Is is still worth the effort to shoot and try to sell stock photos?
This is a question that I have been asked a few times and the answer depends on you really. To help you decide, it is good to have a basic understanding of how the industry has evolved over the past decade.
In the beginning, when all stock photographers worked for the larger agencies such as Getty, Magnum, Corbis and Alamy, is was quite a niche thing to be a stock photographer.
Then when microstock hit the scene in around 2004/2005, selling stock photography became a free for all with anyone and everyone who had a digital camera jumping on board. We saw an influx and abundance of images being uploaded:
- Household objects
- Family members
- Body parts
…and just about anything that was within 100 metres of the photographers house.
I have to admit, it was exciting times and I was one of the first to jump in, feet first, with around 1500 images uploaded to just about any agency I could. However, my images had slightly more thought put into them and many were from lifestyle shoots, property shoots, model shoots and travel photography.
Sales came in thick and fast as new and old stock photography buyers thought all their Christmases had come at once with this “gold rush” of fresh, cheap stock photos.
Within 7 years, and without uploading any fresh images since the start, I had earned well into 6 figures through selling stock photography and it felt good. However, things started to slow.
With agency libraries bursting at the seams with images well into 20-30 million, many photographers started to dry up with regards to inspiration, ideas and the time to keep shooting.
I myself started to doubt as to whether I should still bother with stock. Sales were still coming in regularly but they had definitely slowed.
This was mainly due to myself not uploading image for nearly 6 years.
You see, when you upload stock photos on a regular basis (5 a day is better than 150 all at once at the end of the month) you always have new images appearing in the library when buyers sort by “newest first”.
They, myself included, do this as a new image with no sales yet, can be bought at its lowest price because most agencies increase the price of an image as it becomes more popular.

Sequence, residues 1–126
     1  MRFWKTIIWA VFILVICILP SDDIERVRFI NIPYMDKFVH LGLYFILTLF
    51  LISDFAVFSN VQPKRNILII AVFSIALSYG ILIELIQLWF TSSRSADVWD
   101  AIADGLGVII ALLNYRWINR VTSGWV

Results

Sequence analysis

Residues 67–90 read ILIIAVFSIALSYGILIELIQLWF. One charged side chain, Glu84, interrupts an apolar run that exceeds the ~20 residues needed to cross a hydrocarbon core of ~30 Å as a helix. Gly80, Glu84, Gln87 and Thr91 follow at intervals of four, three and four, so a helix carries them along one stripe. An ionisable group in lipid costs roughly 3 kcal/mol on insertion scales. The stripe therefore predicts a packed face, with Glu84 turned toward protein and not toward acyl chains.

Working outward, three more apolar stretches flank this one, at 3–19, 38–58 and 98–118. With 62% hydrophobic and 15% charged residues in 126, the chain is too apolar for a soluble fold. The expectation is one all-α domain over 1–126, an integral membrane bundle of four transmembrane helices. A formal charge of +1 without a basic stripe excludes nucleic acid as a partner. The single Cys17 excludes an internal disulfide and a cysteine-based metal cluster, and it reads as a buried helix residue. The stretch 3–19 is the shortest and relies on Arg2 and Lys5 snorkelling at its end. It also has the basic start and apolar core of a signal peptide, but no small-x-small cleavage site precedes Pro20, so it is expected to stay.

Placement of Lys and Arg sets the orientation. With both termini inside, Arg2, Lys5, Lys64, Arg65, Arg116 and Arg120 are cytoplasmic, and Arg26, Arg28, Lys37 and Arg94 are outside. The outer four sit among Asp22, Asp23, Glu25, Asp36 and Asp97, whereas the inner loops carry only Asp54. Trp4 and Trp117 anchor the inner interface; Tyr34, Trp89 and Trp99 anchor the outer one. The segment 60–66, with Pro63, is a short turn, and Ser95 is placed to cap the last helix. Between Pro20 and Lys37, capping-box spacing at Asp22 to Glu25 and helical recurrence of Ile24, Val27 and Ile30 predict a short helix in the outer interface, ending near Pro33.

Anyway, to cut a long story short…
When I decided to revamp our stock photography course/section, I was concerned that:
- The information would be outdated and;
- It wouldn’t be worth it
So to test this, I took 10 brand new images that I recently shot, processed and keyworded them as I always had and uploaded to my favourite agencies.
I made a couple of “schoolboy” errors but overall, the results surprised me.
Not only did the majority of images get accepted by all the agencies but I made sales almost immediately.
You see stock photography is a never ending thing. There will always be changes happening around the world:
- Landscapes change
- City skylines change
- People change
- Hobbies change
- Technology changes
- World and current affairs change
There will always be something to shoot so to answer the question of this post, yes…it is most definitely still worth shooting and uploading stock photography but make sure you read our entire course and watch all the videos first to stop you from wasting your time going down the wrong track.
Start by checking out our agencies page and see for yourself what happened when I uploaded my first 10 images in over 5 years…
…and then come back in a few months when we add our new section on shooting stock video. That is a whole new ball game, and gold rush happening right now.